New BFFs Schumer and McCain Want to Make D.C. Function Again

By
Besties.

In an interesting coda to the 2008 election, John McCain may now be President Obama's closest Republican ally. McCain has been softening toward Obama recently, and on Tuesday night he made it official, highlighting his bromance with Democratic colleague Chuck Schumer and White House Chief of Staff Denis McDonough. In an interview with Politico's Mike Allen, the two senators praise McDonough's incredible talent for returning phone calls (not that other chiefs of staff ignored them, but “sometimes you got the feeling … they didn’t really want to [return our calls]," says McCain. “With Denis McDonough, you get the feeling he wants to.”) McDonough isn't quoted in the article, but some anonymous West Wing aide returned the love, saying the White House talks with McCain about every other day. “We have been looking literally for years for someone we can cut deals with, and finally someone has stepped up,” said the official.

McDonough's ease with members of Congress is attributed to his previous position as a foreign policy adviser to former Senate Democratic Leader Tom Daschle. McCain and Schumer's journey from sniping over whether Long Island's existence is “regrettable” in 2011 to chatting on the phone five or six times a day is less clear. When Lindsey Graham suggested that McCain join the Gang of Eight to work on immigration reform, Schumer noted “He and I don't like each other.” Graham said he'd “work on it,” and Schumer says that eventually, “McCain and I sort of bonded over stale Danish,” which kept reappearing in Sen. Carl Levin's office. Schumer explains, “One time we decided we should eat it so we could get fresh Danish, but we didn't.” Apparently nothing unites Congressional foes like enduring a lack of adequate pastries.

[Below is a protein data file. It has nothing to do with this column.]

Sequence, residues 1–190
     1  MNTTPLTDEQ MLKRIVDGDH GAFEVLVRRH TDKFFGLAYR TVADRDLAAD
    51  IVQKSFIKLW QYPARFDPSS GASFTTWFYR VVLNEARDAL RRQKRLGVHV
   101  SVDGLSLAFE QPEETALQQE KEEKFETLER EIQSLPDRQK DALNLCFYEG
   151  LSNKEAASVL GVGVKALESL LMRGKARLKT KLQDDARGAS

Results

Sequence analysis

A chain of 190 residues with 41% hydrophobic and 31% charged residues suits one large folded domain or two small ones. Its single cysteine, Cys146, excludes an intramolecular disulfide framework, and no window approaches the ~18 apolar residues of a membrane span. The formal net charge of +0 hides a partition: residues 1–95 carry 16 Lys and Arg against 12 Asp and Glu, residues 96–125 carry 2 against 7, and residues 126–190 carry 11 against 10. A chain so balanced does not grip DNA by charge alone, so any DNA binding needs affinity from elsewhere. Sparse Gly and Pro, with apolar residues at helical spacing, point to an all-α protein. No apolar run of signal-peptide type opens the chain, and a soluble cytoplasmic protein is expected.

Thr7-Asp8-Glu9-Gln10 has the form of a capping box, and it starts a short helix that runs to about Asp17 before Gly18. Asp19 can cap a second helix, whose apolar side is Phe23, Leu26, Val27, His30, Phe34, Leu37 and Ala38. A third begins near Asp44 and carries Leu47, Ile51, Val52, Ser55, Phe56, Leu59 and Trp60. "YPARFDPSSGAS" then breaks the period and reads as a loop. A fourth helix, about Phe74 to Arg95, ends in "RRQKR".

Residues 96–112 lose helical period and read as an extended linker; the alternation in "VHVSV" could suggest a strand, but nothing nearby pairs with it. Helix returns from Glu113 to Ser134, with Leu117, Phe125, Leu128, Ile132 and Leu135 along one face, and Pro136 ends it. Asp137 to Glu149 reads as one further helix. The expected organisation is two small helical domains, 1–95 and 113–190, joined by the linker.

The power trio already made headway on immigration and a deal to avoid the nuclear option, and they're hoping to reach a deal to avert another budget showdown this fall. While the folks at Politico are clearly delighted by the novelty of cooperation between a Republican, a Democrat, and the White House, they note, “The House no doubt will kill most or all of their compromises.” On the bright side, McCain seems to be outgrowing his crotchety phase and entering into a mavericky renaissance. “He has been a little bit grumpy — that’s gone,” reports the White House official.